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United States Department of Agriculture

Agricultural Research Service

Title: Effect of Adding Alum and Zeolite to Dairy Slurry on Ammonia Volatilizationand Chemical Composition

Authors
item Lefcourt, Alan
item Meisinger, John

Submitted to: Journal of Dairy Science
Publication Type: Peer Reviewed Journal
Publication Acceptance Date: March 31, 2001
Publication Date: N/A

Interpretive Summary: Development of cost effective amendments for treating dairy slurry has become a critical problem as the number of cows on farms continues to grow and the acerage available for manure spreading continues to shrink. This study determined the optimal rates of adding either alum or zeolite to dairy slurry to reduce ammonia missions and to bind phosphorous so that it is less of a problem when the manure is spread. Four rates of adding amendments were tested: 0.4, 1.0, 2.5, and 6.25% by weight. Cumulative ammonia losses were measured over 96 hours,and manure samples from the start and end of trials were analyzed for total nitrogen and phosphorus, and were extracted with 0.01M CaCl2, 1.0M KCl, and water. To test the chemical properties of the amendments, the extracts were analyzed for ammonium nitrogen, phosphorous, aluminum, and pH. The addition of 6.25% zeolite or 2.5% alum to dairy slurry reduced ammonia emissions by about 50%. Alum treatment retained ammonia by reducing the slurry pH to 5 or less. In contrast, zeolite adsorbed ammonium thereby reducing dissolved ammonia gas. In addition, alum essentially eliminated soluble phosphorous. Zeolite also reduced soluble phosphorous by over half, but the mechanism for this reduction is unclear. Alum must be carefully added to slurry to avoid effervescence and excess additions which can increase soluble aluminum in the slurry. In conclusion, the use of alum or zeolites as an on-farm amendment to dairy slurry offers the potential for significantly cutting ammonia emissions and for reducing problems with phosphorus.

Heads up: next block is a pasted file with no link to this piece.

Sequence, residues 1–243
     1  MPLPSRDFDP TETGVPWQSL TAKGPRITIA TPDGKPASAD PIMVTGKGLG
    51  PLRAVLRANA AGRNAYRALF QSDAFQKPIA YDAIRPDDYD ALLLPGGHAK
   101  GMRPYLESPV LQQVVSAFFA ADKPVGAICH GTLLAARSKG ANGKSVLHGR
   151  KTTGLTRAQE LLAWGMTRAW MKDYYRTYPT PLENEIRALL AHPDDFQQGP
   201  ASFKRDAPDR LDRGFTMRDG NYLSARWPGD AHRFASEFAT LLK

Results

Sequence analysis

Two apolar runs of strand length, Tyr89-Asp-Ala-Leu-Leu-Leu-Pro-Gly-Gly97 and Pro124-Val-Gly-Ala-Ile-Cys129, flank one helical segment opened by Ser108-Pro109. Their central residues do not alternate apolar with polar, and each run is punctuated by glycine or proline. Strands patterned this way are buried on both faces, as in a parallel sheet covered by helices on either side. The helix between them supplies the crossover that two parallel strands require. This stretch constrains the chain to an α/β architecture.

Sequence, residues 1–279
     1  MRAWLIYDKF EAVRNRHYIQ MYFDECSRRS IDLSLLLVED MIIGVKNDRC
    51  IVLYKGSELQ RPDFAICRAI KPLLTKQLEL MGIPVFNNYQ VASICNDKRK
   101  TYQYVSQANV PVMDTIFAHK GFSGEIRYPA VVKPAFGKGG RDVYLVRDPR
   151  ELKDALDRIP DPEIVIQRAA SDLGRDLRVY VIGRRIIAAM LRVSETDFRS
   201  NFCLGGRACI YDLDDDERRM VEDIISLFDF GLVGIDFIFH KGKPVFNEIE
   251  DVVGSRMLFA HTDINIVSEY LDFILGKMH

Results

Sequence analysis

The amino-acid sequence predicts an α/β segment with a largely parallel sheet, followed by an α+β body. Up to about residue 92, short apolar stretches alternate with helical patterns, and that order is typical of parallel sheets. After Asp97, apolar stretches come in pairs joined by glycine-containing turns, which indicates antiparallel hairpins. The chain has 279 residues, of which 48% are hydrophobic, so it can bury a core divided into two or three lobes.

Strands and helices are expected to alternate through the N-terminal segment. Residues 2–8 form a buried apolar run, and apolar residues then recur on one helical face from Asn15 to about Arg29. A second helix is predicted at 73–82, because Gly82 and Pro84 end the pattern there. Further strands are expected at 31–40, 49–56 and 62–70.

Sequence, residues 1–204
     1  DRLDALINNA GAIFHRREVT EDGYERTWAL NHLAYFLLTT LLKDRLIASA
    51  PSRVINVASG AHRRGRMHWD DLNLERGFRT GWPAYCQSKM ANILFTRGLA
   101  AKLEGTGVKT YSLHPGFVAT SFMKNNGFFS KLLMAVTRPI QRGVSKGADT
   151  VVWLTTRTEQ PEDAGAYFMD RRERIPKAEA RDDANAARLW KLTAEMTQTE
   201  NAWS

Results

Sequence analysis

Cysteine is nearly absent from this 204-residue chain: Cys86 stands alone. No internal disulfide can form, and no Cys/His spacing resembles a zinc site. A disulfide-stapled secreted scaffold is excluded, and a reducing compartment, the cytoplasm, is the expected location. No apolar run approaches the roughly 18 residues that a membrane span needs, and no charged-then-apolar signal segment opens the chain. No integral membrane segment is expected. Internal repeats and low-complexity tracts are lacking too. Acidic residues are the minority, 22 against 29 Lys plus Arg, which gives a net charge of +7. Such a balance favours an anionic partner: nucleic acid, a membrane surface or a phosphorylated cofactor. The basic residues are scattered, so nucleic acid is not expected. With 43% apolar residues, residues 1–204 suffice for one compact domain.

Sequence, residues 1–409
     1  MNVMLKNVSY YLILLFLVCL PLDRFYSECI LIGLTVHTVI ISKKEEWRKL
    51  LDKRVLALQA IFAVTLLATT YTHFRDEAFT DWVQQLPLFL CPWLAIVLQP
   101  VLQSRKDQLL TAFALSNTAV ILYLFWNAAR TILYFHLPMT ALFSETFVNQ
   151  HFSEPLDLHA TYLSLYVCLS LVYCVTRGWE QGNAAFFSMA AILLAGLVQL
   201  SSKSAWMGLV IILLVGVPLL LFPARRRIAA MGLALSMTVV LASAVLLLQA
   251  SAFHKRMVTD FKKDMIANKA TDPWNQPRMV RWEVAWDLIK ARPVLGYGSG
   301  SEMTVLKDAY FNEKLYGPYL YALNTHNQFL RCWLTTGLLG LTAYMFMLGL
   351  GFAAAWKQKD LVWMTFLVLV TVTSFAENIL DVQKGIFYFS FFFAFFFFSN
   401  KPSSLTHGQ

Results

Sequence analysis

Technical Abstract: Development of cost effective amendments for treating dairy slurry has become a critical problem as the number of cows on farms continues to grow and the acerage available for manure spreading continues to shrink. To determine the effectiveness and optimal rates of addition of either alum or zeolite to dairy slurry, ammonia emissions and the resulting chemical changes in the slurry were measured in response to addition of amendments at 0.4, 1.0, 2.5, and 6.25% by weight. Ammonia volatilization over 96 hours was measured using six small wind tunnels with gas scrubbing bottles at the inlets and outlets. Manure samples from the start and end of trials were analyzed for total nitrogen and phosphorus, and were extracted with 0.01M CaCl2, 1.0M KCl, and water with the extracts analyzed for ammonium nitrogen, phosphorous, aluminum, and pH. The addition of 6.25% zeolite or 2.5% alum to dairy slurry reduced ammonia emissions by nearly 50% and nearly 60%, respectively. Alum treatment retained ammonia by reducing the slurry pH to 5 or less. In contrast, zeolite, being a cation exchange medium, adsorbed ammonium and reduced dissolved ammonia gas. In addition, alum essentially eliminated soluble phosphorous. Zeolite also reduced soluble phosphorous by over half, but the mechanism for this reduction is unclear. Alum must be carefully added to slurry to avoid effervescence and excess additions which can increase soluble aluminum in the slurry. The use of alum or zeolites as an on-farm amendment to dairy slurry offers the potential for reducing ammonia emissions and soluble phosphorus in dairy slurry.

Last Modified: 9/21/2014
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